Today I not only completed my 100 hours of in field work as one of the prerequisites to earning my Master Tobacconist Certification from Tobacconist University, but I also had the wonderful opportunity to apply what I learned yesterday by applying wrapper tobacco to unfinished cigars. As predicted, I was in the back of this expansive rolling room, a place they simply call Production.
I have to profess. Watching the staff perform this task appeared as easy as watching all the other tasks I’ve witnessed. And just as before it turned out to be challenging. And what a challenge it was!
After being provided the necessary tools (chaveta [cutting tool], small metal rolling pin, scissors, small cap cutter, water, glue, and tobacco) we went back over everything I had learned yesterday. This turned out to be a good decision as there was one primary technique I didn’t catch. More on that in a moment.
After the unwrapped cigars have completed their time in the press the buncher passes them onto the person applying the wrapper. And from here the unwrapped cigars receive their blemish free wrapper. After which they are reviewed by any number of floor supervisors who validate the work before the cigars are moved into quality control.
Just as with the bunchers the person applying the wrapper has their station set up with wrapper tobacco on the left all the while keeping them moist. The person applying the wrapper prepares their work area first by removing a wrapper leaf from its cozy and moist staging area and spreads it out on the work surface.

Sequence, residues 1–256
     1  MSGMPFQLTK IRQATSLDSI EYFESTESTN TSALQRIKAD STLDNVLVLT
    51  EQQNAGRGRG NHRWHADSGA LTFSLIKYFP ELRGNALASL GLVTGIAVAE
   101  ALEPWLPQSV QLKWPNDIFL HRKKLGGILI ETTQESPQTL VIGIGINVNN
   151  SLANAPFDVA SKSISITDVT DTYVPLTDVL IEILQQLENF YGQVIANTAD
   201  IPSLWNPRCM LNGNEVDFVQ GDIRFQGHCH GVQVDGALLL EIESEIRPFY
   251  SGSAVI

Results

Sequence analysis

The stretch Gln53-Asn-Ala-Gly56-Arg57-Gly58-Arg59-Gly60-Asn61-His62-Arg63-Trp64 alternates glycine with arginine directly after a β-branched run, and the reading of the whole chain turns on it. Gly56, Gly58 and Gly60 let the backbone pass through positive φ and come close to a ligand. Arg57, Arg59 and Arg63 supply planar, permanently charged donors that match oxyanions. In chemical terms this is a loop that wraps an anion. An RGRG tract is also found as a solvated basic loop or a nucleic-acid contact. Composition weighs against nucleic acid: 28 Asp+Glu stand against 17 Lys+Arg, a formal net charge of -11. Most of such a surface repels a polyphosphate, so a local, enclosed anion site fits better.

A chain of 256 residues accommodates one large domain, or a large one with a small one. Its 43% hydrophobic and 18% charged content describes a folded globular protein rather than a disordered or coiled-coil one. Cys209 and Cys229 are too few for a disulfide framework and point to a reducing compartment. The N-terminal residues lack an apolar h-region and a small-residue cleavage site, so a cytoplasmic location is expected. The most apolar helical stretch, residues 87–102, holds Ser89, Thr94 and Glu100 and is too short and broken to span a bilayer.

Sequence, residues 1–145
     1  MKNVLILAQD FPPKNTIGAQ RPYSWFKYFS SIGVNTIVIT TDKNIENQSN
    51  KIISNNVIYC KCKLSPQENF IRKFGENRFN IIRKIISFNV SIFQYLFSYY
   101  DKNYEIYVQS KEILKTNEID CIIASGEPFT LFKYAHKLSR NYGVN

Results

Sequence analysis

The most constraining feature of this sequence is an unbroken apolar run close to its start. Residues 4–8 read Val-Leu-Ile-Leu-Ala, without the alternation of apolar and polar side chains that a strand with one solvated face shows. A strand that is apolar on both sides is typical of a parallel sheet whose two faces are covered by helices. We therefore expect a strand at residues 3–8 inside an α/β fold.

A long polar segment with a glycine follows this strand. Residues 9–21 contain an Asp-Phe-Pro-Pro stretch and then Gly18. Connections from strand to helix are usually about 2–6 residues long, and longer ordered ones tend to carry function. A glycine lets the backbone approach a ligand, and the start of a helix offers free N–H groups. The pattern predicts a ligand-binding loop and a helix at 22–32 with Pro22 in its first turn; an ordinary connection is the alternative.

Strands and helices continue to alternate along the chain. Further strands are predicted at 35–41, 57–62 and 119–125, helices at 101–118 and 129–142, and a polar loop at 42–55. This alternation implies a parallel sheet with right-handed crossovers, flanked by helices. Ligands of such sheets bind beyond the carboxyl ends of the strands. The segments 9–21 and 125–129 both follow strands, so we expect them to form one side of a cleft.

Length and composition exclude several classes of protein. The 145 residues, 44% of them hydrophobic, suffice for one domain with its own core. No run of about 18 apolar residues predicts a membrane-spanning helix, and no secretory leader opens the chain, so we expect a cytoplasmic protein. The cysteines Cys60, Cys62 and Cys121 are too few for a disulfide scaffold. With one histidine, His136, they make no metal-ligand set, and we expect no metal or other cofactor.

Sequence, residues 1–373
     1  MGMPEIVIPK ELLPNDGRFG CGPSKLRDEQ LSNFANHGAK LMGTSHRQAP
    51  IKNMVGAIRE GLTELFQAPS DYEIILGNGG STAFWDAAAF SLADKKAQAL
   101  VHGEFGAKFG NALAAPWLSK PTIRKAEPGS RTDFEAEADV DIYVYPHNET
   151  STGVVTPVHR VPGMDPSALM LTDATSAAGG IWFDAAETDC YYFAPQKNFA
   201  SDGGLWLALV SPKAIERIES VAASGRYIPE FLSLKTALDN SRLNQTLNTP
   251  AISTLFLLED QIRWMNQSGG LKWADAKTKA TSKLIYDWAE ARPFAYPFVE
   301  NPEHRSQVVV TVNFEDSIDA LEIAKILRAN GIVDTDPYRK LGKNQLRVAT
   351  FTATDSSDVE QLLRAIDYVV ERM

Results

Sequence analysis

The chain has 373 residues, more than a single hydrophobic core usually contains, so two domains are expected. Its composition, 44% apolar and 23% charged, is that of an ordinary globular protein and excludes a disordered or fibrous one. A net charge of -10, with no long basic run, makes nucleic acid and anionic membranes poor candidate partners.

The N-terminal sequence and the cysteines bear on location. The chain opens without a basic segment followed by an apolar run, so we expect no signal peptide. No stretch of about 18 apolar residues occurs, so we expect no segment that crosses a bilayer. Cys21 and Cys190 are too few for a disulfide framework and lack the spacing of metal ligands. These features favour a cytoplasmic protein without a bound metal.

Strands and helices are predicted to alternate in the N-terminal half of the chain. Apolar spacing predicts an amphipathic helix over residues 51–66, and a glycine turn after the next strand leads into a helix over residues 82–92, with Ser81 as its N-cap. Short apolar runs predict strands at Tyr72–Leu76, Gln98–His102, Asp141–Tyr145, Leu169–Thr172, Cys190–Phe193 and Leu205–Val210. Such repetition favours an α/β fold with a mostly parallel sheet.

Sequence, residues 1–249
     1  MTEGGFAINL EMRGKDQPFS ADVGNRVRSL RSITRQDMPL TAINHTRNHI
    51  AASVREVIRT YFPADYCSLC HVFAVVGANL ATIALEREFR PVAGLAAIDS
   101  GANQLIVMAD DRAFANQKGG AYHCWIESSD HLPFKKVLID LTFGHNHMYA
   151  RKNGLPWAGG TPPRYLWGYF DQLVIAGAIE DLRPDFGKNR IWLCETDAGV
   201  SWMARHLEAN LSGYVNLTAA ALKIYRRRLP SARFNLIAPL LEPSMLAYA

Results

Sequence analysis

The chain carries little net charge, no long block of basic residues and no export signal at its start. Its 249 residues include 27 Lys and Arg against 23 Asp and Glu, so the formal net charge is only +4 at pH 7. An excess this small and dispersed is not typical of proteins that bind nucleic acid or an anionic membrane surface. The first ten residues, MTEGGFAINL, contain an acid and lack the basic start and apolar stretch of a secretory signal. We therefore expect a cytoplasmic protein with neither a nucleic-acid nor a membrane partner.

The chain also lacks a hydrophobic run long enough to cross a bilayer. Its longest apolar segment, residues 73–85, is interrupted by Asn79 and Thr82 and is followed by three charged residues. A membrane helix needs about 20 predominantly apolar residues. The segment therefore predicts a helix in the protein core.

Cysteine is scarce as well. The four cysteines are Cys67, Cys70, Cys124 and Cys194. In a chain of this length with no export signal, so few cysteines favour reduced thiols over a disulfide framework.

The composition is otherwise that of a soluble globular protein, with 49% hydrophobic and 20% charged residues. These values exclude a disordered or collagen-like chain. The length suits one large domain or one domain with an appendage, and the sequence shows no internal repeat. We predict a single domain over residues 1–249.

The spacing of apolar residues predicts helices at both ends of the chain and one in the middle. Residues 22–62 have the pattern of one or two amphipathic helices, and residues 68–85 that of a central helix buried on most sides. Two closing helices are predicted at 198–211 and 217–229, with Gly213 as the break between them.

After which the wrapper is cut using a chaveta to the correct size needed for the specific cigar being completed.
Then the unwrapped cigar is rolled around the wrapper leaf. This is done by stretching the wrapper taut as the cigar is wrapped.
Once the cigar is nearly fully wrapped, attention turns to completing the head of the cigar. This is done by wrapping the wrapper around the head of the cigar one time nearest to the shoulder. No one told me why this is done and the only reason I can discern is that this technique holds the tension in the wrapper, so it doesn’t unravel.
The final task to complete is to cut out a cap and place it on the head of the cigar.
Now what I’ve just described is the finishing of a round vitola. Salamones, figurados, torpedos, belicosos, and even pig tail headed cigars have the heads of their cigars finished much differently than what I’ve just described.
Now believe me when I say this was a challenge. I spent eight hours applying wrapper to unfinished cigars and I only completed about 35 cigars. Of course, the floor supervisor that worked with me throughout the day had me redo about half of my cigars. The one primary reason for my rejects and redos was because I just couldn’t get the hang of wrapping the leaf close to the head of the cigar. Nearly every time I had performed this task, I had done it too low on the cigar. No matter how hard I tried I just couldn’t accomplish this task effortlessly. Add to that the wrapper I was working with was much thinner than wet rice paper and extremely elastic and with each attempt at wrapping the leaf near the head I inevitably tore the leaf and had to begin again. Now this did become a mental challenge and near the end of the day I began mutter English expletives so those around me wouldn’t exactly know what I was saying. They were, however, smart enough to determine it was because I had made yet another mistake.
May your cigar’s ash never fall!